Two Saturdays ago, we took the kiddos to Creekfest- a festival at their grandparents’ church. There was plenty going on all around the building, but E and I finally made our way to the front, where all the E-sized festivites were happening. Everything was winding down, so he had a bounce house mostly to himself. He flipped and showed off, smushed his face on mine through the netting. Then she started bouncing and singing his ABC’s. A through Z with barely a mumble in between.
Care to guess how often we have worked on his ABCs?
Unless you count our library story time and silly singing, little to none. And yet he had picked them up.
Her older sister has taken to begging for all things math. I don’t pretend to get it.
Baylor asked me for harder marine biology courses. A kind friend even sent her college textbook to him last year.
I’m not bragging. And I’m most definitely not doing anything special here. Honest Abe.
All I’ve done is learn to get out of my children’s way and let them take off. Let them go where the curiosity leads.
Kids are naturally curious; any mother of a child that’s hit speaking age knows this. The problem begins when we smother that little flame; with ideas of the pace they should go, with ideas of what they need to know and when they need to know it. Have you ever asked yourself if those deadlines are for them…or for you?
I asked myself, and I didn’t like the answer. I took a deep breath, and I let go. Of a lot. And it was scary.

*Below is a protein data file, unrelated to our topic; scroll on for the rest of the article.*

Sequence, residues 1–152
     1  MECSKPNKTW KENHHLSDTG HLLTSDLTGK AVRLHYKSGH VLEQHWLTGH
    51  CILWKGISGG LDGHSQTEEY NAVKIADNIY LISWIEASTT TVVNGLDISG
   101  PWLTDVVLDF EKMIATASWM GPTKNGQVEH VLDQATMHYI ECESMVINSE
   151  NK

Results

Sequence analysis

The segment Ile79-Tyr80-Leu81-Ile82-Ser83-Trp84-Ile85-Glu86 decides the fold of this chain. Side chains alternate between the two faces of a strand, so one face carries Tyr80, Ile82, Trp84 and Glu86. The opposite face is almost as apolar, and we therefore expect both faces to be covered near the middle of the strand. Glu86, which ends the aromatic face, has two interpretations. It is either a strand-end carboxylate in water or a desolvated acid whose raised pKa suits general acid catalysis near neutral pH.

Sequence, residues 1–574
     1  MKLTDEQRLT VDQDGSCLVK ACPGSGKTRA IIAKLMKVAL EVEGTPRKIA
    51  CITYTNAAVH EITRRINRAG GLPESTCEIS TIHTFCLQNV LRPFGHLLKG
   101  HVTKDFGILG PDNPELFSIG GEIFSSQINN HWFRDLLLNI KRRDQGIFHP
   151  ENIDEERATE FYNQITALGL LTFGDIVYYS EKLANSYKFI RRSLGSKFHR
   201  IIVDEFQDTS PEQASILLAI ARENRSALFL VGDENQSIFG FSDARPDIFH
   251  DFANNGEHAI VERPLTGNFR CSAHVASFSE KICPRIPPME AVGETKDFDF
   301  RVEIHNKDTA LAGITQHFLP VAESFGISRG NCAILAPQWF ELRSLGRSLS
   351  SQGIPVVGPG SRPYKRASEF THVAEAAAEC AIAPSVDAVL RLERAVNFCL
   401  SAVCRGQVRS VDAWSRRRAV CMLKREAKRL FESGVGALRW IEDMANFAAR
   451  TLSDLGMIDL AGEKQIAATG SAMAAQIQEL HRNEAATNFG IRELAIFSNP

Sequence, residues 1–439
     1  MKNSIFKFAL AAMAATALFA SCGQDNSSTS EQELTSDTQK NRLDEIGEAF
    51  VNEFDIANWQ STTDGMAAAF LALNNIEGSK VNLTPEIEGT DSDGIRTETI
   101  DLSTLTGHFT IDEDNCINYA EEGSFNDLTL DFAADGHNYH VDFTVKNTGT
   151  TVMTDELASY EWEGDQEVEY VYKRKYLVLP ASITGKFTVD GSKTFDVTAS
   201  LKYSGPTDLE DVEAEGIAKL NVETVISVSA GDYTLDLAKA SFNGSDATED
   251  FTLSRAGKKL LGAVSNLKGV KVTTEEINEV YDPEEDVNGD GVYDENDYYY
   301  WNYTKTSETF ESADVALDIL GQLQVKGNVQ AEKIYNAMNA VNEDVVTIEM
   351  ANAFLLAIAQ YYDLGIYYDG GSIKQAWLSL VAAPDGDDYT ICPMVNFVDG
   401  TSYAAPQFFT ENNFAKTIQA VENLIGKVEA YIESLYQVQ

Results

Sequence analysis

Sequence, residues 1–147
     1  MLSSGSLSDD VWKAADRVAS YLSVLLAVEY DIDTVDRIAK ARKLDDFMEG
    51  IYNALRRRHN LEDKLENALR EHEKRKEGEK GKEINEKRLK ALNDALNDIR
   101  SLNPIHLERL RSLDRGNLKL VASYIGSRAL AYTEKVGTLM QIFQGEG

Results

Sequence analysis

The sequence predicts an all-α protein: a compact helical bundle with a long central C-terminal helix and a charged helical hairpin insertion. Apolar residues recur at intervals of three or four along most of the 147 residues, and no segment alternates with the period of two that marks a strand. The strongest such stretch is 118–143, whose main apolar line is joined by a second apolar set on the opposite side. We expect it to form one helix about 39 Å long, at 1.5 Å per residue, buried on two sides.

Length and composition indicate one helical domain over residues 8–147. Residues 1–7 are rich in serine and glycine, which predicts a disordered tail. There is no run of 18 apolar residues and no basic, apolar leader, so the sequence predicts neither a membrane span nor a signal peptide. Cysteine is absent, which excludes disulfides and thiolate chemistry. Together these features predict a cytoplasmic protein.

But I saw their flame grow larger. And brighter. And I felt sorry for wasting our precious time and not trusting their curiosity to guide them. I don’t want to stifle the inquisitive nature they’re born with, or squash the innate drive to learn. Learning only becomes a task when we adults make it one.
I found myself really burnt out at a really early age- someone saw the spark in me and, while good-intentioned, didn’t bother to learn what would be oxygen to it. So I was pushed in directions I didn’t always understand and that rarely interested me. My drive came from pleasing others, and that didn’t hold up for long. The beauty of being an adult, I suppose, was being able to be curious yet again on my own terms, and that flame rekindled…but why shouldn’t the kids have that, too?
With this approach, so far, my children have successfully managed to cover the “core” of what is grade appropriate, and often beyond. Just ask any of the many people who have decided to quiz them upon discovering that we homeschool. I can’t say it enough: kids will choose to learn when they’re allowed the choice, and they will absorb it far better when they’re the ones initiating. I know how foreign that may sound in our world of standardized tests and lists of things that kids should know before kindergarten, because it did to me at first. But just try it and see; you are sure to be amazed.